A single piece of stainless steel strip 8 mm wide×0.l mm thick×23 m long was perforated by die punching a multitude of holes along a 5.5 mm wide band for the entire length of the piece to yield an open reticulated network strip. Holes were 0.75 mm diameter and were punched in a hexagonal array to a density of about 66 holes/cm2. This arrangement corresponds to a hole area of 29.1% of the area of the band covered. This strip was carefully cleaned and fed through a powder rolling apparatus, such as shown in FIG. 4, along with getter powder. Getter powder used was prepared by crushing an alloy of 16% Al, by weight, balance Zr and screening same to a particle size range of 230 to 140 mesh (63 to 106 micrometer). Powder flow from the hopper into the rolls was on the order of 0.33 g/s for each of the two hopper sides. The roll surfaces had small lands 5.5 mm wide to control precisely the width of the deposited getter band. Tangential velocity of the rolls at the compaction (land) surface was 5.7 cm/sec. The entire 23 m piece was successfully roll-pressed with getter powder with a single roll pass, resulting in composite getter strip similar to that shown in FIGS. 1, 2 and 5 with a getter loading of about 42 mg/cm of final strip length. The thickness of the finished strip at the getter deposit was about 0.3 mm. The resultant product showed resistance to getter layer flaking and cracking during elastic and limited plastic flexing. The CO and H2 gettering properties were determined using essentially a standard ASTM test technique for nonevaporable getters outlined in ASTM Designation F 798-82. A 1 cm test length was removed from the aforementioned network getter strip and activated by direct resistance heating (19 amps) under vacuum for 5 minutes at 840° C., cooled to room temperature and a pressure of 3×10-6 Torr CO applied to generate the gettering "rate vs. content" curve shown in FIG. 6. After completing the CO curve to near-saturation shown in FIG. 6, the same sample was reactivated under vacuum for 5 minutes at 840° C., cooled to room temperature and a corresponding H2 gettering curve determined. The curve also is shown in FIG. 6. Those skilled in the art of gettering will immediately recognize that the data shown in FIG. 6 shows excellent properties for a strip getter, thus showing clearly the basic utility of this invention.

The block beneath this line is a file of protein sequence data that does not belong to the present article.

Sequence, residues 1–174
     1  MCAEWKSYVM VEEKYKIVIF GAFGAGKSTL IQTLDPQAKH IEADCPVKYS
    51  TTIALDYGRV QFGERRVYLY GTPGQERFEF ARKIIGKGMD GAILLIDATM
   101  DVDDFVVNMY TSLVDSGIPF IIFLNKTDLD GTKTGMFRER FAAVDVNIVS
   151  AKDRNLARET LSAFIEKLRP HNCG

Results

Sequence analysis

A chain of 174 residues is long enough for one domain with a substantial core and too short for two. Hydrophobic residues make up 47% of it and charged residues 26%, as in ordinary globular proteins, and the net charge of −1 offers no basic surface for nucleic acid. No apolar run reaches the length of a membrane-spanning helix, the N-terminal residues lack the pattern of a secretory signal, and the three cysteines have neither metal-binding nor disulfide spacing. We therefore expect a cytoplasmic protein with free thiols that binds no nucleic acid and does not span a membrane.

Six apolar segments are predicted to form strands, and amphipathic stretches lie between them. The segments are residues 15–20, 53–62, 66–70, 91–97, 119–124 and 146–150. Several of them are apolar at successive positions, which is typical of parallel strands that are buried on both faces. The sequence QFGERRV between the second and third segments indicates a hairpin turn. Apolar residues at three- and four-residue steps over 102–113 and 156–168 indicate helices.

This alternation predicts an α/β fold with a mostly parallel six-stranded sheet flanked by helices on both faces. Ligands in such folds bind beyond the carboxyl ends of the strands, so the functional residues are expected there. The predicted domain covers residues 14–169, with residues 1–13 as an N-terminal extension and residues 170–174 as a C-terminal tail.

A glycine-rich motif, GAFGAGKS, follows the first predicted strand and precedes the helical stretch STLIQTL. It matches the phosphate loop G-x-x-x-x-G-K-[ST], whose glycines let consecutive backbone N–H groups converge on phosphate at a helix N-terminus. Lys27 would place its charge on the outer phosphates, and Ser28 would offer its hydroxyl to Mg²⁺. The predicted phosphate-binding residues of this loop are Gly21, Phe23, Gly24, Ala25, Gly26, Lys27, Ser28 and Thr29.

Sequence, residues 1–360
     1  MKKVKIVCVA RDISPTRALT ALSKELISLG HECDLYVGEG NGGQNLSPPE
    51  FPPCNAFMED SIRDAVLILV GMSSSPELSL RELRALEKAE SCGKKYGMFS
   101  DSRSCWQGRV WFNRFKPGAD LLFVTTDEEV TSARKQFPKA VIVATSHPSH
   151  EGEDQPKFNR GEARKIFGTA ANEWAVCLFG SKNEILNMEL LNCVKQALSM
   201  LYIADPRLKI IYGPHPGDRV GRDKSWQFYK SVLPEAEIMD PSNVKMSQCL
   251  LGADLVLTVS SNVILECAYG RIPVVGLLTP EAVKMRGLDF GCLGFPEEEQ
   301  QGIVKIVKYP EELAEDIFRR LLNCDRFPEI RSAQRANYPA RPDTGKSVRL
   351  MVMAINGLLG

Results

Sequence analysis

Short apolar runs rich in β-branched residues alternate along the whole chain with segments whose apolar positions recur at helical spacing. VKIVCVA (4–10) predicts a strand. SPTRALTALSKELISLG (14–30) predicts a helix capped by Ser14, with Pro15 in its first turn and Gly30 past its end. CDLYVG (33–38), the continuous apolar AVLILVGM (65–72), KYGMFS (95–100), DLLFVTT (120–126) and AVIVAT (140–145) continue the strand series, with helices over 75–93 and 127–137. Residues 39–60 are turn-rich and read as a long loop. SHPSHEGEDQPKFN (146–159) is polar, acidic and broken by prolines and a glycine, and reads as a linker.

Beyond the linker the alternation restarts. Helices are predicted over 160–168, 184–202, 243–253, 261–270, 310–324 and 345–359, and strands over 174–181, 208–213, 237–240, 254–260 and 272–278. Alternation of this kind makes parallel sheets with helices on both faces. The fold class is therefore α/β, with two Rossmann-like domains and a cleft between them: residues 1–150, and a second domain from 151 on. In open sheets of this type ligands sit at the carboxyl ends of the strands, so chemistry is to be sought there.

Another powder rolling experiment was performed with all parameters and procedures the same as in Example 1, except for hole size and hole density in the starting perforated carrier strip. In this example, hole diameter was 0.45 mm and density was about 248 holes/cm2. This arrangement corresponds to a hole area of 39.4% of the area of the band covered. After roll bonding, the resultant composite getter strip had a getter loading of 70 mg/cm2, substantially higher than that of Example 1. The product also appeared qualitatively to have a greater degree of particulation and spall resistance than Example 1. This example demonstrates that the getter loading and mechanical properties of the getter strip of this invention can be advantageously varied by variation of the characteristics of the reticulated network carrier strip.
In this powder rolling experiment, perforated network strip and rolling parameters were maintained the same as Example 1. The only differences were getter alloy composition and powder particle size range. Getter alloy used was, by weight percent, 25.5V-3Fe-1.5Ni-balance Zr, a getter composition that requires a relatively low activation temperature and is ground into powder by hydrogen pulverization technique disclosed in U.S. Pat. No. 4,839,085. Powder size range was 230 to 100 mesh (63 to 150 micrometers). After roll bonding, the getter strip had a getter loading of 51 mg/cm2. Getter tests on a 1 cm lengths of this product were performed in an identical manner to Example 1, except that activation conditions were 10 minutes at 450° C. and separate specimens were used for the CO and H2 tests. Results of these tests are shown graphically in FIG. 7. Good gettering behavior will be evident to those skilled in the art, thus demonstrating the utility of this invention when used with a powder of a low activation temperature getter.
It should be understood that the specific forms of the invention herein illustrated and described are intended to be representative only. It is to be understood that certain changes can be made in the invention described above without departing from the clear teachings of the disclosure. Accordingly, reference should be made to the following appended claims which determine the full scope of the invention.